(Page 2 of 2)
partnerships with Merck, Roche, Novartis, Celgene, Gilead Sciences, Momenta Pharmaceuticals, and others to advance other antibody programs.
AnaptysBio considered proposals from a number of other companies, including some Big Pharmas, Suria says. The company chose Tesaro because of their development skills and their ability to move these assets from pre-clinical development through clinical studies and beyond, he says. Tesaro was founded on the idea of acquiring cancer drug candidates discovered by others and developing them in-house.
Even so, the competition to develop new antibody therapies that help the immune system fight cancer is already fierce. As Xconomy’s Ben Fidler has reported, Merck, Roche/Genentech, and Bristol-Myers Squibb are all working in the area, and Novartis recently acquired Cambridge, MA-based CoStim Pharmaceuticals and its catalog of “late discovery stage immunotherapy programs,” including one that targets PD-1.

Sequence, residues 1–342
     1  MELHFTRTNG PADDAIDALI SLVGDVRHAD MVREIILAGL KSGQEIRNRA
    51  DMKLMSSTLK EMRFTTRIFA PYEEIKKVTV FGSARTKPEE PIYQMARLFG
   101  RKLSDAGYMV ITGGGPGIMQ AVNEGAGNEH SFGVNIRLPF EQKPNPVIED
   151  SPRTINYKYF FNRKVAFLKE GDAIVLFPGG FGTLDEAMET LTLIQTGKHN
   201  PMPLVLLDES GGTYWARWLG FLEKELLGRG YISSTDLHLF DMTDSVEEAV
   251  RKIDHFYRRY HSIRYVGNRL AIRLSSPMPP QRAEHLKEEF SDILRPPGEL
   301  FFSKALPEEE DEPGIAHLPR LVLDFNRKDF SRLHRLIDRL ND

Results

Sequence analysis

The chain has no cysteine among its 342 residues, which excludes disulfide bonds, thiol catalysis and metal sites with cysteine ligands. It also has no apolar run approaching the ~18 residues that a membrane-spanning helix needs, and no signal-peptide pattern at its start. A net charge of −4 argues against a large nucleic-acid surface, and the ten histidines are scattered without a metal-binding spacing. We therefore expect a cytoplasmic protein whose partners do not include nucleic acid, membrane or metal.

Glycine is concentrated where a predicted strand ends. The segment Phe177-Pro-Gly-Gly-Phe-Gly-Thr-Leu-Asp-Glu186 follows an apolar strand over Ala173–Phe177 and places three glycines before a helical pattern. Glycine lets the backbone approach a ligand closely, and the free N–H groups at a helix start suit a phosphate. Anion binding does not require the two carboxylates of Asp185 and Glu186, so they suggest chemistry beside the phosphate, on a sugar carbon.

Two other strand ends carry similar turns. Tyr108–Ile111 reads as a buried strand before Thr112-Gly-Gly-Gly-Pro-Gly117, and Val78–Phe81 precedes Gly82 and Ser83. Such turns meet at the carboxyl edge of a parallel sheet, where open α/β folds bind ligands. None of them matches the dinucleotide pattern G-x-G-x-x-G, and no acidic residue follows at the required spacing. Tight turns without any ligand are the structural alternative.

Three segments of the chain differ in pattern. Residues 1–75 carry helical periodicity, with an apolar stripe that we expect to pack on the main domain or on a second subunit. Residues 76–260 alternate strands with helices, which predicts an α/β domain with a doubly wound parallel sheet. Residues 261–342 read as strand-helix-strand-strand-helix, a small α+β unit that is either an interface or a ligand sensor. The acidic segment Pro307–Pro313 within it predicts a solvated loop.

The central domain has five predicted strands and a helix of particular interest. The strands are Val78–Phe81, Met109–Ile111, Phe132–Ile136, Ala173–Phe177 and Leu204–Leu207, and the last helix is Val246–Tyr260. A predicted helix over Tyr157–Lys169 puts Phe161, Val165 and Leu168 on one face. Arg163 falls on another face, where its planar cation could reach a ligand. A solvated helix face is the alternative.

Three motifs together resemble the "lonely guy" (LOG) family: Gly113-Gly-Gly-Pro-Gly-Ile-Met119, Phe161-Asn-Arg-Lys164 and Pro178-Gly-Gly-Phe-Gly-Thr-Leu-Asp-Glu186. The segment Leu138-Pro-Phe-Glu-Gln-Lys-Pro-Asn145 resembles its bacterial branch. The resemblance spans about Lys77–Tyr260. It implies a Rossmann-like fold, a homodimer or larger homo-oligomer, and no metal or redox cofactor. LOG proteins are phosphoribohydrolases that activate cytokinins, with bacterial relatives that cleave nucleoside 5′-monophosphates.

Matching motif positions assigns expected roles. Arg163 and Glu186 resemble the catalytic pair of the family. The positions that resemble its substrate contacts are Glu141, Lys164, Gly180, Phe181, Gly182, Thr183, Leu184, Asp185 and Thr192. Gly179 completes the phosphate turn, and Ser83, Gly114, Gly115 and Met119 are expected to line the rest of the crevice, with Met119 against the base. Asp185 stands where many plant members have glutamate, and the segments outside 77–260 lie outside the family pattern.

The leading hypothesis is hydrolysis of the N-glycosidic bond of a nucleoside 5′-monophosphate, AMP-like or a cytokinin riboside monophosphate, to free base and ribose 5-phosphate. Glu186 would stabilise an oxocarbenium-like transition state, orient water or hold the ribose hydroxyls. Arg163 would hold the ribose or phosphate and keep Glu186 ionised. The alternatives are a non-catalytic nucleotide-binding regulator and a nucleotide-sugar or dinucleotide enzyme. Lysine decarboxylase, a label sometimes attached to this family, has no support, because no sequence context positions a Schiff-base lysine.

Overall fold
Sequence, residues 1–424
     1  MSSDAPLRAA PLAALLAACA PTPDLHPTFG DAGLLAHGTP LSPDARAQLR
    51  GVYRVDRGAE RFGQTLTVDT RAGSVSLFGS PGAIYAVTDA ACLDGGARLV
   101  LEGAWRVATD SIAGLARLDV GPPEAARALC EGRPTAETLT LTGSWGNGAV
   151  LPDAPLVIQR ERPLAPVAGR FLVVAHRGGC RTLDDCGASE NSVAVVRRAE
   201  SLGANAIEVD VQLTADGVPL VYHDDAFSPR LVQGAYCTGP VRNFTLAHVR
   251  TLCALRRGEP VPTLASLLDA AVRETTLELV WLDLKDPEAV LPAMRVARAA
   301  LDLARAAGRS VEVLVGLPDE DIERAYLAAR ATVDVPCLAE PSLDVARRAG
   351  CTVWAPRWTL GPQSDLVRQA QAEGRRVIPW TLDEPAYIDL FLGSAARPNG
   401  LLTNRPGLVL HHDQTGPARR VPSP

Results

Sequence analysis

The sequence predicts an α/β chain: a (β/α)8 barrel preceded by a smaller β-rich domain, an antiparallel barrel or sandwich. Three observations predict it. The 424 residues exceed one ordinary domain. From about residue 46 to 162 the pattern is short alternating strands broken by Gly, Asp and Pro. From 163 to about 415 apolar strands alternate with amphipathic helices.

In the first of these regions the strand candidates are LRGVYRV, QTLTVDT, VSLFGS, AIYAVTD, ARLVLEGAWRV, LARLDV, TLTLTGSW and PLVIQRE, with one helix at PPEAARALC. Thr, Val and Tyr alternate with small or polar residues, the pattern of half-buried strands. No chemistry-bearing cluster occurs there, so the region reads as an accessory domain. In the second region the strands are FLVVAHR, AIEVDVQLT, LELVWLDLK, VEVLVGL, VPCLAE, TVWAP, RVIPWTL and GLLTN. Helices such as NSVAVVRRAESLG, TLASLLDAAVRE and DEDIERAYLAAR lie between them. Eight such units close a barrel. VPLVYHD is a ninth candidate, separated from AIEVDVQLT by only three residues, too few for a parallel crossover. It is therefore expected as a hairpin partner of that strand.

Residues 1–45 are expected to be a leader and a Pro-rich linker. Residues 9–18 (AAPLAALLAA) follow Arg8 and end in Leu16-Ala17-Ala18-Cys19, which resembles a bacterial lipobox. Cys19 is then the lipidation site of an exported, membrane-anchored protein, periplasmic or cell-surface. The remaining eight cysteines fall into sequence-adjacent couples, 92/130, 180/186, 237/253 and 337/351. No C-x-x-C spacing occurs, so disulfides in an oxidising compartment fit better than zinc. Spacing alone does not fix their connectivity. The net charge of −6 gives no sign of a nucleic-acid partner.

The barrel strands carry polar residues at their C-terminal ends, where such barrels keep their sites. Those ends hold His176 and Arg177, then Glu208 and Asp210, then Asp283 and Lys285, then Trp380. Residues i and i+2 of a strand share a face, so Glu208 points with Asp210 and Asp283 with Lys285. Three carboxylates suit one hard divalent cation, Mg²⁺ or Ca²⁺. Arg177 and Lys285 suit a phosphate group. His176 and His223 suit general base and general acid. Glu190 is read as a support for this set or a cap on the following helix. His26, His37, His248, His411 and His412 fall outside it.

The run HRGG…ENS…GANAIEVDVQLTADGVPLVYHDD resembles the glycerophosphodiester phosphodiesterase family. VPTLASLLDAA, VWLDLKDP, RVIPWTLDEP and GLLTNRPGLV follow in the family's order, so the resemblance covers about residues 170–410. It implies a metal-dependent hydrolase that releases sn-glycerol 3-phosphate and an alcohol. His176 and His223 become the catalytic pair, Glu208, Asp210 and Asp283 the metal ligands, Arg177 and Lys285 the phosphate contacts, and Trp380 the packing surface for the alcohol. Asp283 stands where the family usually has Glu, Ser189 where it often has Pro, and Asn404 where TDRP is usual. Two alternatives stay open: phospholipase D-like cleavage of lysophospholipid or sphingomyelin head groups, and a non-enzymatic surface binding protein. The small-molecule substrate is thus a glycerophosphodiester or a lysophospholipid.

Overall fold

So what will separate the cancer antibodies AnaptysBio is developing from the rest of the crowd? Suria cited a few key features:
—Suria says its somatic hypermutation platform “allows us to generate therapeutic antibodies against difficult targets (such as TIM-3), which is achieved by generating and screening unprecedented diversity in rapid, high-throughput manner.” In its statement, Tesaro says TIM-3 works as a pattern-recognition receptor that dampens the anti-tumor immune response. Preclinical studies show that antibodies that block the TIM-3 receptor may enhance the anti-tumor immune response when combined with an anti-PD-1 agent.
—Suria says the AnaptysBio platform also maximizes potency, meaning, in theory, a therapeutic effect could be achieved at lower antibody doses.
—“In addition,” Suria says, “our antibodies are optimized for manufacturability parameters (e.g. production yield and stability in storage), such that production is not a limiting factor for their success.”